• This recipe yields 12 standard-size tortillas that fit well in a 10-inch skillet. Make only 10 tortillas if you want them extra-large, but don’t forget to use a larger pan.
  • Make sure to roll them thinly enough–they will puff a little while they cook and you don’t want them too thick.
  • Preheat your skillet sufficiently before beginning. The goal is to cook the sourdough starter tortillas quickly so they brown before they become crispy. A cast iron skillet is preferable for heat retention and flavor, but any skillet will work.
close up of a white flour tortilla

Recommended Equipment

How to Make Sourdough Tortillas (White or Whole Wheat)

Step 1 – Mix Sourdough Tortilla Dough

To start, I weigh the water into a pyrex measuring cup and boil the water in the microwave really quick.

Stir the butter chunks into the boiling water until the butter is melted.

butter melting in the boiling water

Then mix the dough. The sourdough starter tortillas will take on a different texture depending on the order you add the ingredients:

  1. If you prefer your tortillas extra soft and fluffy (whole wheat tortillas pictured), add the starter into the mixing bowl first and cover it with the flour. Pour in the hot butter/water mixture and salt and mix. (The flour acts as a buffer to protect the starter from the hot liquid.)
  2. If you prefer your tortillas flatter with a bit more chew (white flour tortillas pictured), pour the hot butter/water mixture over the starter in the bottom of the mixing bowl (don’t stir yet). Then add the remaining ingredients and mix. (This method works by “killing” the leavening power of the starter to some extent).

Squeeze/knead the dough in the bowl for a couple of minutes until it becomes cohesive and smooth.

squeezing and kneading the sourdough tortilla dough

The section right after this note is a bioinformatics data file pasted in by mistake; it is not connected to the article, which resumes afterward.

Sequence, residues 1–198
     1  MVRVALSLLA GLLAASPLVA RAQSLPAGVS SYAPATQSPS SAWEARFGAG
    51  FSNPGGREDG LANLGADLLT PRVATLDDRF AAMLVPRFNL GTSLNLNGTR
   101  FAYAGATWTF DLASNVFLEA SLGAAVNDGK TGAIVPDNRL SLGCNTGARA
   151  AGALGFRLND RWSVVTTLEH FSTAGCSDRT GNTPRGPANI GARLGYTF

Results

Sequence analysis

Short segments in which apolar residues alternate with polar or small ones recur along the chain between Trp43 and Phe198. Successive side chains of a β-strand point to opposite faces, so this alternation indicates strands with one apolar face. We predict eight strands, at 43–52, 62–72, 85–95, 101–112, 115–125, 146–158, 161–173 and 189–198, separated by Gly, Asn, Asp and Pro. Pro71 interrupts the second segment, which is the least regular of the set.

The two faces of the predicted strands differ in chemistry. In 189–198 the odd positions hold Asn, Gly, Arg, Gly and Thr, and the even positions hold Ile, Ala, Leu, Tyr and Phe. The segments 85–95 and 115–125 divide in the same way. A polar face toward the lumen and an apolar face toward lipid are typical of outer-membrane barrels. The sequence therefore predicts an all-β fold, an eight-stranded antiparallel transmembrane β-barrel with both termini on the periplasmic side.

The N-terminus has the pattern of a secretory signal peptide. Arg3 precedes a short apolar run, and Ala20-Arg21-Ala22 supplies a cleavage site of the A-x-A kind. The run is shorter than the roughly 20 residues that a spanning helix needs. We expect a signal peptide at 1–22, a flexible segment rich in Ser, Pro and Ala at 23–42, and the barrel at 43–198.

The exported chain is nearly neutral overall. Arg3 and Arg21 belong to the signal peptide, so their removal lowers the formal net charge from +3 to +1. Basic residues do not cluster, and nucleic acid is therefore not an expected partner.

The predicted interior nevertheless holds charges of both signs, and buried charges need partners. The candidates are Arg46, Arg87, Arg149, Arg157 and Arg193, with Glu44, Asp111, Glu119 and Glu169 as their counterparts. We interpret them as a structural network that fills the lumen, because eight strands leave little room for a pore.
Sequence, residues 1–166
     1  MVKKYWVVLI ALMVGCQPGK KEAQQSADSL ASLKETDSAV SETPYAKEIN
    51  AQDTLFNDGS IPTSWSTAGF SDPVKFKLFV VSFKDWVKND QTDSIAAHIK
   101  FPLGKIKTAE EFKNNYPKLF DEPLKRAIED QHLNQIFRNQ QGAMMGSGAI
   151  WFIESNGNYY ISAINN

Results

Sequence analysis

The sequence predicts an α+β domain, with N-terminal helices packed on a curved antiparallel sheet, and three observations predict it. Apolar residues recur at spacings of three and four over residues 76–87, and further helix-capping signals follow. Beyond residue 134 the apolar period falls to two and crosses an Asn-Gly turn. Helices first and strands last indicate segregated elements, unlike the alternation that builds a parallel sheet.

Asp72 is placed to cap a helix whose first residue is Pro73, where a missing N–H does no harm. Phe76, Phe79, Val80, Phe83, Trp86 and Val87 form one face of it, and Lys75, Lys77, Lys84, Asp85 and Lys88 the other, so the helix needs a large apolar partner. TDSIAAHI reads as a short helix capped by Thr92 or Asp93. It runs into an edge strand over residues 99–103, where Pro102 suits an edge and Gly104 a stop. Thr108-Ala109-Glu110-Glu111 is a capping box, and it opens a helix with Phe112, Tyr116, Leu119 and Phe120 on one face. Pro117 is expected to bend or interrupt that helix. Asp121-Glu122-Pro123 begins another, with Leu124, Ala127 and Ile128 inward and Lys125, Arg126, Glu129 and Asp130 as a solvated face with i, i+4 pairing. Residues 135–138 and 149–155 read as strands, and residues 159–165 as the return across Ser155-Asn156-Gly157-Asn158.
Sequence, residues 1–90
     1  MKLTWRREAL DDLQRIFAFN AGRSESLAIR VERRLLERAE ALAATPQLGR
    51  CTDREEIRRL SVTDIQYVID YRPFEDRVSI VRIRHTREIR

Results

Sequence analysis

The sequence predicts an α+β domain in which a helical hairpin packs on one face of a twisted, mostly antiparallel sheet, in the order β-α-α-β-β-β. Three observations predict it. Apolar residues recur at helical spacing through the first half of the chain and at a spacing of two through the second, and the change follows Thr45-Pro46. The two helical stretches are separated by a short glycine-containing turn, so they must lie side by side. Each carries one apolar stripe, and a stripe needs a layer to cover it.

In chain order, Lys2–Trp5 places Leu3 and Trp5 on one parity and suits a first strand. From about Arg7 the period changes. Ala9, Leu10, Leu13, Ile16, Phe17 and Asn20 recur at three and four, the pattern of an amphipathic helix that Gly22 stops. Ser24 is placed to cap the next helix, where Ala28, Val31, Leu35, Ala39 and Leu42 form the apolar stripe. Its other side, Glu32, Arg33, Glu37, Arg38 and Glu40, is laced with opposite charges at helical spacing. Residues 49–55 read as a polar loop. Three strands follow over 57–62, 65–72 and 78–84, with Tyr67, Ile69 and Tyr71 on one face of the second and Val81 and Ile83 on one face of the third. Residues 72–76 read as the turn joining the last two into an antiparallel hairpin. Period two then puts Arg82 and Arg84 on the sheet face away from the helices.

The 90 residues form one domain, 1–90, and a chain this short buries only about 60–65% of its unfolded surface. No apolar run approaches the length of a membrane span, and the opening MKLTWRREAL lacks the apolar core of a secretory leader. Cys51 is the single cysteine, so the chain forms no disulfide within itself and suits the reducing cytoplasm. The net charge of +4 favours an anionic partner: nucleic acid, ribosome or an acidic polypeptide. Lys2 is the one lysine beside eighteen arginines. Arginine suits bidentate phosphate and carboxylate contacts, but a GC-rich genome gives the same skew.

Step 2 – Rest the Dough for 1 Hour

Cover the bowl with plastic wrap and allow the dough to rest at room temperature for 1 hour.

dough after resting for 1 hour

The dough will absorb the water and develop gluten during the rest time, but don’t expect the dough to rise.

Step 3 – Divide, Shape and Rest for Another 30 Minutes

Turn out the dough onto a clean surface and divide it into 12 pieces using a bench knife.

You can weight the dough to get each tortilla exactly the same size, but I just eyeball it since they are cooked individually.

Then form the pieces into balls.

It’s quick to scoot the pieces against the counter in a circular motion with your hand held in a cup shape.

I don’t find I need to dust with flour during this step. The dough is tacky which allows it to grip the counter when I scoot it, but it isn’t sticky.

Cover the dough balls with plastic wrap and allow them to rest for another 30 minutes (I just place them back into the bowl and cover). This will allow the dough to relax again for easy rolling.

placing the dough balls back into the bowl to let them rest for 30 more minutes

(Alternately, you can place the dough balls in a zipper bag and refrigerate for 1-2 days before you roll and cook them.)